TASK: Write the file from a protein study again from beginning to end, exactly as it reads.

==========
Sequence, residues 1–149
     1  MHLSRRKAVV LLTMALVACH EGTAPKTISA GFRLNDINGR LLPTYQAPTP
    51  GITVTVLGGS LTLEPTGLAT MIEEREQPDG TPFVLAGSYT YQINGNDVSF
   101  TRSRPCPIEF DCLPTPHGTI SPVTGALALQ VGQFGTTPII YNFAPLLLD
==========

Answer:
Sequence, residues 1–149
     1  MHLSRRKAVV LLTMALVACH EGTAPKTISA GFRLNDINGR LLPTYQAPTP
    51  GITVTVLGGS LTLEPTGLAT MIEEREQPDG TPFVLAGSYT YQINGNDVSF
   101  TRSRPCPIEF DCLPTPHGTI SPVTGALALQ VGQFGTTPII YNFAPLLLD